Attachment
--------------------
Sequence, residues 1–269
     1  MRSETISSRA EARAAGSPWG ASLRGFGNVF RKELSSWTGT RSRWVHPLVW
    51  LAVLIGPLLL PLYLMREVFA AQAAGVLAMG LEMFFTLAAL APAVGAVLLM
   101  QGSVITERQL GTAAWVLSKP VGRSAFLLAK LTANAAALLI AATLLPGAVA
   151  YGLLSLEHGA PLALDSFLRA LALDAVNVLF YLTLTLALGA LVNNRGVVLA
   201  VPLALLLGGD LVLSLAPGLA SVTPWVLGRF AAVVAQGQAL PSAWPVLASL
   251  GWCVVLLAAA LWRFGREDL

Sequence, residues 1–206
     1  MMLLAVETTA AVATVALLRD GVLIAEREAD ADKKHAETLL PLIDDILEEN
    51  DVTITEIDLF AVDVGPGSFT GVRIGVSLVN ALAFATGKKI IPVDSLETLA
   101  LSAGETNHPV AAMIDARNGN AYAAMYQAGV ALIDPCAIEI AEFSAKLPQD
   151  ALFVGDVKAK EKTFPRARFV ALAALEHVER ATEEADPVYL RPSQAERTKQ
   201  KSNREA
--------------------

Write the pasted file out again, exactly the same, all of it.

Sequence, residues 1–269
     1  MRSETISSRA EARAAGSPWG ASLRGFGNVF RKELSSWTGT RSRWVHPLVW
    51  LAVLIGPLLL PLYLMREVFA AQAAGVLAMG LEMFFTLAAL APAVGAVLLM
   101  QGSVITERQL GTAAWVLSKP VGRSAFLLAK LTANAAALLI AATLLPGAVA
   151  YGLLSLEHGA PLALDSFLRA LALDAVNVLF YLTLTLALGA LVNNRGVVLA
   201  VPLALLLGGD LVLSLAPGLA SVTPWVLGRF AAVVAQGQAL PSAWPVLASL
   251  GWCVVLLAAA LWRFGREDL

Sequence, residues 1–206
     1  MMLLAVETTA AVATVALLRD GVLIAEREAD ADKKHAETLL PLIDDILEEN
    51  DVTITEIDLF AVDVGPGSFT GVRIGVSLVN ALAFATGKKI IPVDSLETLA
   101  LSAGETNHPV AAMIDARNGN AYAAMYQAGV ALIDPCAIEI AEFSAKLPQD
   151  ALFVGDVKAK EKTFPRARFV ALAALEHVER ATEEADPVYL RPSQAERTKQ
   201  KSNREA